We all know too well that we should be drinking more water, but HOW MUCH water is enough? has become my question having just completed a diet challenge in which one of the keys is to drink Young Living Slique essential oil in water throughout the day.
I must admit I can see the changes in my skin and my focus for drinking more water throughout the day and I don’t feel so ‘sluggish’, but what is the recommended daily amount?
Everyone’s daily amount is different and it depends on different factors.
Exercise: If you are exercising and sweating you will need to replace the excess fluids that you lose. The amount would be determined on how much sweat you are producing. A marathon runner would need much more water than someone doing a workout but then they would need more than someone who was working outside in the garden.
Environment: A hot environment can cause you to sweat more as the body tries to cool down by releasing moisture to evaporate off of the skin surface.
Health: If you have a health condition that affects the heart, liver, adrenal glands or kidneys you may have to take LESS water so that you don’t overload these organs. If however you suffer with or are prone to having kidney stones, urinary tract infections or bladder infections one of your ‘tools’ would be to drink plenty of water so that you can flush any excess minerals or toxins out of your system regularly trying to prevent a build up.
Illness: Fever, vomiting and diarrhea cause a large amount of fluid loss so more water consumption would be required to replace the fluid lost. Doctor’s may also recommend an electrolyte replacement to regain the delicate blood composition of mineral balance.
Pregnancy & Breast-feeding: As an essential provider of life giving nutrients to the unborn child and to a breast fed baby, mothers-to-be and nursing women need extra water so that they can provide for their child. According to the Mayo Clinic’s findings ‘The Institute of Medicine recommends that pregnant women drink 2.3 liters (about 10 cups) of fluids daily and women who breast-feed consume 3.1 liters (about 13 cups) of fluids a day.’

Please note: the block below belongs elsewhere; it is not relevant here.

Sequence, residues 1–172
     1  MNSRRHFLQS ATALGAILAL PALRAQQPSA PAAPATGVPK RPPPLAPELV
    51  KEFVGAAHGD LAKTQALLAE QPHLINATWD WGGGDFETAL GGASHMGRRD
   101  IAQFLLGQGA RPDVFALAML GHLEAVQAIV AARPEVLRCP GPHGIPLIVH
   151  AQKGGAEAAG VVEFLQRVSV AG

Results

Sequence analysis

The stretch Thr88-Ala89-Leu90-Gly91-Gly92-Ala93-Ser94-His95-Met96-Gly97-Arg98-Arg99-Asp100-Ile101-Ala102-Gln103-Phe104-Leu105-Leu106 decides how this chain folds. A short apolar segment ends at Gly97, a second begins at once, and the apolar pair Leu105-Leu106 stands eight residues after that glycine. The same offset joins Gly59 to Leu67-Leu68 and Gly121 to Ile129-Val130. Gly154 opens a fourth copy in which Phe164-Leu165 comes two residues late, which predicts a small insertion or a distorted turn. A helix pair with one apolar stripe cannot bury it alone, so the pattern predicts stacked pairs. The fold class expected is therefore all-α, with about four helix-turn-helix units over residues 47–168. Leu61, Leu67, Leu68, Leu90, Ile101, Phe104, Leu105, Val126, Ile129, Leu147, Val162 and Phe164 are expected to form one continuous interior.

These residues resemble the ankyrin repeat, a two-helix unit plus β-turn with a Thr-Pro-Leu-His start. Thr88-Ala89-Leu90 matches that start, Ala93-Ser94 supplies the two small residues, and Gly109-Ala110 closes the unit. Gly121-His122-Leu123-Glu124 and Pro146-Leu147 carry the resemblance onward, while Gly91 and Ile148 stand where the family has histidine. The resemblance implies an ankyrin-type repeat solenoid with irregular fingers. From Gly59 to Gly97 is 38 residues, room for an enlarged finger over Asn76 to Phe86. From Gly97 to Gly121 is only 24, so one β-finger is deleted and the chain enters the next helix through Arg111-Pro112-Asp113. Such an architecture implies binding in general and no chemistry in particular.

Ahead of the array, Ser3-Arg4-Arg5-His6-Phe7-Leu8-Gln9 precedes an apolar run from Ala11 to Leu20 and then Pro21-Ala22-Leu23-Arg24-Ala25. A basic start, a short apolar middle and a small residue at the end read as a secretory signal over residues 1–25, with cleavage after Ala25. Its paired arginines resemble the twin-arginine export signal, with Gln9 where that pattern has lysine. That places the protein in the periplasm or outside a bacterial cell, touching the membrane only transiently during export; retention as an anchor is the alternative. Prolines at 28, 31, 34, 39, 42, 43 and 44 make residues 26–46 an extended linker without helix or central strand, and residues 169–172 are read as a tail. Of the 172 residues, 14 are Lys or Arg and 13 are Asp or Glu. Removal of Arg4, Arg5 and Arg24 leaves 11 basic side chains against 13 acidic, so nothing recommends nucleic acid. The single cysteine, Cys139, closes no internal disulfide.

So the question remains…..HOW MUCH WATER?
As a general rule, half your body weight (pounds) in ounces is how much water you should be drinking each day, and if you’re exercising and sweating profusely, add another liter of water with half a teaspoon of sea salt to ensure proper electrolyte replenishment. So someone who weighs 200lbs should ideally drink 100 ounces of water (about 6 of the regular sized water bottles).
We also get liquid from our diet, fresh fruits and vegetables can be a great addition.
How can I tell if I am drinking enough water?
Your urine is a good indicator of whether you are drinking enough. Ever notice sometimes that your urine smells really strong? Or that it is a deeper yellow or amber? That is a sign of concentrated urine which is what you try to avoid. It means that you aren’t or haven’t drank enough water. Ideally your urine should be light and not smell and you should need to go to the bathroom regularly.
I find that if I don’t drink enough water over time I can also see it in my skin. It loses some of it’s elasticity. If I gently pinch some skin on the top of my hand and let go it takes a while to ‘ping’ back to how it was. Whereas if I my body is well hydrated the skin immediately ‘pings’ back to how it was before the pinch.
What happens if I don’t drink enough water?
Water is a key component of cell activity within the body and since we are made up of cells it is key and makes up for 60% of your body weight. The body uses this to help flush toxins from cells and from the body’s organs, carries nutrients to the cell and provides a moist environment for mucous membranes like ear, nose and throat tissues. Water is a major component of all cell activity.
Each day our body uses water through the skin, through the kidney, gut, and respiration (yes, as we breathe we lose water. Remember breathing on glass and drawing a smiley face in the condensation as a child?).
If you don’t drink enough water you cause a ‘water deficit’ and become dehydrated which can cause additional issues within the body.
Symptoms of dehydration are:
Mild to moderate dehydration is likely to cause:
- Dry, sticky mouth
- Sleepiness or tiredness — children are likely to be less active than usual
- Decreased urine output
- No wet diapers for three hours for infants
- Few or no tears when crying
- Dry skin
- Dizziness or lightheadedness
- Extreme thirst
- Extreme fussiness or sleepiness in infants and children; irritability and confusion in adults
- Very dry mouth, skin and mucous membranes
- Little or no urination — any urine that is produced will be darker than normal
- Sunken eyes
- Shriveled and dry skin that lacks elasticity and doesn’t “bounce back” when pinched into a fold
- In infants, sunken fontanels — the soft spots on the top of a baby’s head
- Low blood pressure
- Rapid heartbeat
- Rapid breathing
- No tears when crying
- In the most serious cases, delirium or unconsciousness
Get immediate medical care if you develop severe signs and symptoms such as extreme thirst, a lack of urination, shriveled skin, dizziness and confusion.(Mayo Clinic)
Now you know how much water you should drink each day, why and what happens if you don’t drink enough. Now you can be better prepared to support your body simply, by drinking enough water.